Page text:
As the main event is about to start, Foley's wife and kids are escorted to seats near ringside. The boy, Dewey, about 8 years old, is subdued - like he knows what is coming. As the match proceeds he draws more and more into himself. The wife, Nicole, is plainly nervous as well but puts up a brave front in the early going. In the middle of the match, the Rock whips out a pair of handcuffs from somewhere and shackles the champion then proceeds to beat him repeatedly over the head and back with a chair. Now the little girl is terrified and is hiding her head and clinging to her mother, who is alternately hiding her eyes and trying to pull her son protectively under her arm. For his part the boy is fascinated and horrified, staring unflinchingly at the carnage but shrinking away from it at the same time. Having seen enough, Nicole gathers her children and leaves the arena to watch the rest of the match on a monitor somewhere upstairs in the building.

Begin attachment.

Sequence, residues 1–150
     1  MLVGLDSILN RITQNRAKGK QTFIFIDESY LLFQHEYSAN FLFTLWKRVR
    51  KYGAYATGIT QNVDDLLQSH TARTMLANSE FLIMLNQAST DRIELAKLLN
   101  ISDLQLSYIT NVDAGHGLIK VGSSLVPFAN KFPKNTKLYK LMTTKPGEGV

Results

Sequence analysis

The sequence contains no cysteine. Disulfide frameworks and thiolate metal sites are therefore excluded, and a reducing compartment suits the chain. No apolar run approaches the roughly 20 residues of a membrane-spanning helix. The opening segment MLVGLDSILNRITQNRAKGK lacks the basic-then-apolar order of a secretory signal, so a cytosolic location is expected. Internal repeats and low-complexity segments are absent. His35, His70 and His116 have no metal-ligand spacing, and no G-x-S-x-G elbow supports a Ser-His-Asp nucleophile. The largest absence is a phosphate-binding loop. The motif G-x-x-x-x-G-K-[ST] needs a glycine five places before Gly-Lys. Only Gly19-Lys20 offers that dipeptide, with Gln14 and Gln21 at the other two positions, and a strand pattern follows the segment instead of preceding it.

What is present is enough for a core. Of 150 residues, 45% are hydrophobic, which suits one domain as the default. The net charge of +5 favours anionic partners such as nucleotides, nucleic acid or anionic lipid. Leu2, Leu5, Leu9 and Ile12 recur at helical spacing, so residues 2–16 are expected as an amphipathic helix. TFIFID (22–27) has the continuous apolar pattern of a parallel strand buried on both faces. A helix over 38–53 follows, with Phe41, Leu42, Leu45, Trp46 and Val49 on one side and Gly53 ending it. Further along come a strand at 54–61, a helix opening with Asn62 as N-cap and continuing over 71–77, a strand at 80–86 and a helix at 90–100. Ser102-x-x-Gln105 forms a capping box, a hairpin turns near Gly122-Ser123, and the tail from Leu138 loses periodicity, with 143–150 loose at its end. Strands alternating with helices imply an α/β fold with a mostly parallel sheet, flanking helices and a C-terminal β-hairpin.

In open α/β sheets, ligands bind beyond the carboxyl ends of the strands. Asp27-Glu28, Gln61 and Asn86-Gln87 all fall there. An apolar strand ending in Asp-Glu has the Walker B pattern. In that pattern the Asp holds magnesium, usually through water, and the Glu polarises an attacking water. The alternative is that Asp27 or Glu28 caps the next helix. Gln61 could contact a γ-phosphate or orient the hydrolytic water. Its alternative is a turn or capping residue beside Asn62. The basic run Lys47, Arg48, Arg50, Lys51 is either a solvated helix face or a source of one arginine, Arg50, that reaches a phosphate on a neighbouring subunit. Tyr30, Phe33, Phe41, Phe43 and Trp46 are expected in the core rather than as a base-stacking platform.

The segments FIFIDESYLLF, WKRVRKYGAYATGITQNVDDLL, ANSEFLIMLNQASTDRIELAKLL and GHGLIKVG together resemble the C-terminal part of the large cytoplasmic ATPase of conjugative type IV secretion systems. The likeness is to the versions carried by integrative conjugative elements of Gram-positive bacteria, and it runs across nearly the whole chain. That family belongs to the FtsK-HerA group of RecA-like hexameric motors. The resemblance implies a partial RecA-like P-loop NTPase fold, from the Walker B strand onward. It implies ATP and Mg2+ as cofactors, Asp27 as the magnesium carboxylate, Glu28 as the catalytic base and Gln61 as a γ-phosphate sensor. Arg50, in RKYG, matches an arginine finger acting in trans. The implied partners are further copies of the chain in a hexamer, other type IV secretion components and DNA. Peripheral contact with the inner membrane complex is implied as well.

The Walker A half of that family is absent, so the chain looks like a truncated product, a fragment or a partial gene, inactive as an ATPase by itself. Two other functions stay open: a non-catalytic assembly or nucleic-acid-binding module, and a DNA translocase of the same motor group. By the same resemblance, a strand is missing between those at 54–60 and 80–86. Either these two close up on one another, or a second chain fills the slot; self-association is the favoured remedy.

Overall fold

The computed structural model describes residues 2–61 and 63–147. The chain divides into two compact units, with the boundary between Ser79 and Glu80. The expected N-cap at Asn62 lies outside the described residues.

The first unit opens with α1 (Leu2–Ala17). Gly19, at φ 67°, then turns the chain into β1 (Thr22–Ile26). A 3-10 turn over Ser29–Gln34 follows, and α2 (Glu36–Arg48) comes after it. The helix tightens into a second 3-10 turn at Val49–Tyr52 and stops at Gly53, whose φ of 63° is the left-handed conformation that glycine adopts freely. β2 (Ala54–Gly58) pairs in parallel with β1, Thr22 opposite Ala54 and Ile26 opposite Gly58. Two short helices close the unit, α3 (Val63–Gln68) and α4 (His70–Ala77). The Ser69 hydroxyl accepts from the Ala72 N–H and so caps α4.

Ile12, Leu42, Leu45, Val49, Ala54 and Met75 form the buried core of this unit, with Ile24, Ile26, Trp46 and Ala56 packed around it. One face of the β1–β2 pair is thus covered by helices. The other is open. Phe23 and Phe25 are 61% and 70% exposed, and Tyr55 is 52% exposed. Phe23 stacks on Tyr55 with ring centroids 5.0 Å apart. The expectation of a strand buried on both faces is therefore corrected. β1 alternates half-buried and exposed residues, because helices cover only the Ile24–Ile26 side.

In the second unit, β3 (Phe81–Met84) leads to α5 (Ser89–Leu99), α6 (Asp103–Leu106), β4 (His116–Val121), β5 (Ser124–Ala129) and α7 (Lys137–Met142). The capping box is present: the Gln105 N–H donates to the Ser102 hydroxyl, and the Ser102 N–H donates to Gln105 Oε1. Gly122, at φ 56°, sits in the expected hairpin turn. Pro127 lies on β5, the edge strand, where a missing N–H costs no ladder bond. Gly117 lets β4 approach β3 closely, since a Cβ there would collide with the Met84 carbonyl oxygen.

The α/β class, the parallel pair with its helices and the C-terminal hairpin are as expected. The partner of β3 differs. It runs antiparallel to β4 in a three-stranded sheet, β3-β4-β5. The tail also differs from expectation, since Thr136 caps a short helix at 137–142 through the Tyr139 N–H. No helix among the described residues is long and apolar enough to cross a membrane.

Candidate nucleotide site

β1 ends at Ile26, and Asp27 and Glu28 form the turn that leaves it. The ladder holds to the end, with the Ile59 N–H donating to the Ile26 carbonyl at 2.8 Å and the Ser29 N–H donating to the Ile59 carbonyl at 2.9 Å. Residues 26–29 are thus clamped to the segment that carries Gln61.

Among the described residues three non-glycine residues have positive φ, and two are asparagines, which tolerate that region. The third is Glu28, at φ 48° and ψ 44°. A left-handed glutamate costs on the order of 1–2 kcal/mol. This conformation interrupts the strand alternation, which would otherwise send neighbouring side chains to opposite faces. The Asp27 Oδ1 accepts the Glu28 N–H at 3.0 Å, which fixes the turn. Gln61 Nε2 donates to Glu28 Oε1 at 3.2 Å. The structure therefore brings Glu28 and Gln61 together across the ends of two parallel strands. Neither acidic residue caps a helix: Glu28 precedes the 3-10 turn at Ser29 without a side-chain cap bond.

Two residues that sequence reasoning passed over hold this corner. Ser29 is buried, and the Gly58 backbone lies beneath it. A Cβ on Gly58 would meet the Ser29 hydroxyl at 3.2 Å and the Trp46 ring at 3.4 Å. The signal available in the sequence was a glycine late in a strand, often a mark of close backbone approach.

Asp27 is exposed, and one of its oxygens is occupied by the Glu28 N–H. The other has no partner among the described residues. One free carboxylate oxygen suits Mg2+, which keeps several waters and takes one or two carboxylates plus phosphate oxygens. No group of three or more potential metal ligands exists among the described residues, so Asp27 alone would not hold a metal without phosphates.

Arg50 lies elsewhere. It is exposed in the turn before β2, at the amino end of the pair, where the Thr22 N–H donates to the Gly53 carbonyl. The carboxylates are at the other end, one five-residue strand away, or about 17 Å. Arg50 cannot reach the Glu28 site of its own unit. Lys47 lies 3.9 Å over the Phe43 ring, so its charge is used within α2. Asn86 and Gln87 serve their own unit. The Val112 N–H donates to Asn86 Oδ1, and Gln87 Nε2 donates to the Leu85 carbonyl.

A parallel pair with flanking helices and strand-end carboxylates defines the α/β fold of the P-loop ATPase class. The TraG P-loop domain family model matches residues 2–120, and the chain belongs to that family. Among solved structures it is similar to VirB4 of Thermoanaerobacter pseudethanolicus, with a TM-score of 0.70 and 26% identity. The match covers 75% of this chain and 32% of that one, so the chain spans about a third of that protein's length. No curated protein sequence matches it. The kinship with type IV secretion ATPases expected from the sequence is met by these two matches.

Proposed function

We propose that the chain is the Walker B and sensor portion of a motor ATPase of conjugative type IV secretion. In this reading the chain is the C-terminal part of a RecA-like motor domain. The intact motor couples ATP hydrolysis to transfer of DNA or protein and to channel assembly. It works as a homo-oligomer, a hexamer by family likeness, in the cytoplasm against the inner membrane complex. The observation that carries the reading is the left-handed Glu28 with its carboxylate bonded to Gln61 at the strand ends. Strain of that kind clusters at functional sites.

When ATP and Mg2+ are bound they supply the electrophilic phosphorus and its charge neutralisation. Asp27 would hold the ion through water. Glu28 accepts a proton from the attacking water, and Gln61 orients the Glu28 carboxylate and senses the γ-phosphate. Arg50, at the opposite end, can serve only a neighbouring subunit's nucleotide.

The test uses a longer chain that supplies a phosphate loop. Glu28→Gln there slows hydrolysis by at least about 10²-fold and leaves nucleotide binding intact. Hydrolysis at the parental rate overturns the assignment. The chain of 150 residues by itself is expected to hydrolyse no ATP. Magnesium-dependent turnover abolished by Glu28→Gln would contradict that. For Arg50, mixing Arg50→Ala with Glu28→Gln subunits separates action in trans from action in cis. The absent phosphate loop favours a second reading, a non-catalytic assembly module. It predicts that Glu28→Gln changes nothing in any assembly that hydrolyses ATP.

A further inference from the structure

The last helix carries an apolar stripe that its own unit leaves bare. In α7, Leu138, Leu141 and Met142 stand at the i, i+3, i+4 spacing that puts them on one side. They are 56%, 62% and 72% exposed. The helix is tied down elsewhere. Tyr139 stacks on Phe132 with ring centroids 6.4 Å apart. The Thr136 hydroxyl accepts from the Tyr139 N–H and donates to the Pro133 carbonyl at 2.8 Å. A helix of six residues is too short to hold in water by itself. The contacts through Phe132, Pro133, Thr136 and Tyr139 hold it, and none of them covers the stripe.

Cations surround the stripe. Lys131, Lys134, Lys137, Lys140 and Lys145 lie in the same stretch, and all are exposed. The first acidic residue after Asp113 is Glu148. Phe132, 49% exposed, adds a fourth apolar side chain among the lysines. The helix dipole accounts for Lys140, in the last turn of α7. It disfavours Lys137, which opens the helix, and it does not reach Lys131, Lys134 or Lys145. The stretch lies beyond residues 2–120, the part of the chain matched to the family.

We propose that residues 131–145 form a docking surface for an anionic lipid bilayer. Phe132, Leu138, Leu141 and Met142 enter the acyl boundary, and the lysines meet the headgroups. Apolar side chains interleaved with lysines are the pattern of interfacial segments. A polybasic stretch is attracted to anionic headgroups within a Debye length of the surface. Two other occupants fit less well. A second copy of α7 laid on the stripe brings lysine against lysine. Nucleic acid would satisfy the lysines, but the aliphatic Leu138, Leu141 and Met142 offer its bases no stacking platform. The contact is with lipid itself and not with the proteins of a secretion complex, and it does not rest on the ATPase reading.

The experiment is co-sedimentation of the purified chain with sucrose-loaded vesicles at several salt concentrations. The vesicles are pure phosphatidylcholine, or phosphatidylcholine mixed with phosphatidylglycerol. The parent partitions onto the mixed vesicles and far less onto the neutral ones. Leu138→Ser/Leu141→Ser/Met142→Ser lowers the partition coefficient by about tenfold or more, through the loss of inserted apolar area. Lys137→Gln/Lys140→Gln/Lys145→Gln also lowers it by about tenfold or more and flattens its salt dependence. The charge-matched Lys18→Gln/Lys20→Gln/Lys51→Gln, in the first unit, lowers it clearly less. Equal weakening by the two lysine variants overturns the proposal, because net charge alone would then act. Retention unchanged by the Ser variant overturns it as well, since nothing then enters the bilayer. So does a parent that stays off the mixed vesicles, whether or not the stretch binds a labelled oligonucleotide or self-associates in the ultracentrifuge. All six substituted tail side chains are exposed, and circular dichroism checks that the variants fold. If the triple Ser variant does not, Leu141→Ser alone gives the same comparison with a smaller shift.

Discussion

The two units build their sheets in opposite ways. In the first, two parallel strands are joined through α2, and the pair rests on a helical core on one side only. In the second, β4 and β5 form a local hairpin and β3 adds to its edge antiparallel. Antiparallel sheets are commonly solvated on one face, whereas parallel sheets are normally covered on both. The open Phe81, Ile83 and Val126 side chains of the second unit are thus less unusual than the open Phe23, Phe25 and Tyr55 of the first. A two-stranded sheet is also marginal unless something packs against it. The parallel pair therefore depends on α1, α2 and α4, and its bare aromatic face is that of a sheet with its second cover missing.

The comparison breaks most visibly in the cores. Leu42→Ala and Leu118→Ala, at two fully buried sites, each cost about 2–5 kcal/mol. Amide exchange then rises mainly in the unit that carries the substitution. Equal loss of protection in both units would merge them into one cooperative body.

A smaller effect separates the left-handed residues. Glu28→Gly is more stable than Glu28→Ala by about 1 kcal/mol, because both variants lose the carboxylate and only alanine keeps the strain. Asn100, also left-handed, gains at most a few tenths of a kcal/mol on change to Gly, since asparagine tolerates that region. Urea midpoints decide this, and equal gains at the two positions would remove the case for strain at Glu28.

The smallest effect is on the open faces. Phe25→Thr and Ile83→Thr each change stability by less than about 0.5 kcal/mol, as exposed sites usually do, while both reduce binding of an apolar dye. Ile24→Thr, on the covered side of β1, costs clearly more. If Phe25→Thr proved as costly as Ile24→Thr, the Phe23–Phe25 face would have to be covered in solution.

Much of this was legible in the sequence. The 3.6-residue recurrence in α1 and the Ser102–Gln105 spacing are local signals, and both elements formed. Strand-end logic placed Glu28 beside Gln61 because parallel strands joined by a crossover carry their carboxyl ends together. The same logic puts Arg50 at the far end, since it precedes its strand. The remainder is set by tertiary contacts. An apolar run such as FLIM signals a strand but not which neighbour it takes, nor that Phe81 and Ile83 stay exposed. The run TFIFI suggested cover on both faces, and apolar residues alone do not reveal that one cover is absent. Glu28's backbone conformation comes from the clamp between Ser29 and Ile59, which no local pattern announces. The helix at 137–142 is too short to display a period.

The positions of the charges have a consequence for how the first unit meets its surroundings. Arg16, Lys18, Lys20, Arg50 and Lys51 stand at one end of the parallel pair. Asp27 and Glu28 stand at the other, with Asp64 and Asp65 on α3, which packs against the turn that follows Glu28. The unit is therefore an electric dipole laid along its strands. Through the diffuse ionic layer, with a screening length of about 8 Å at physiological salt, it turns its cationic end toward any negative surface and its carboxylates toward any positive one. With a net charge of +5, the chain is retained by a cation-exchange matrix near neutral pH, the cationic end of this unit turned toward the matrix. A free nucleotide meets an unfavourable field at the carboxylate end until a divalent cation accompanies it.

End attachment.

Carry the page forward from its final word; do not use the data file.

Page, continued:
Backstage after the match, Foley assures his kids that he is alright while blood still covers his face and streams all over his white dress shirt. An EMT stitches up a cut in his head while Mick refers to it as a "little boo boo" - then amends that to say, "...a big boo boo." Nicole looks him in the eye and tells him that they aren't going to be able to take much more of this. As they leave the building later he quips, "Did you have fun?" Nicole deadpans cynically, "Oh yeah, we had lots of fun..."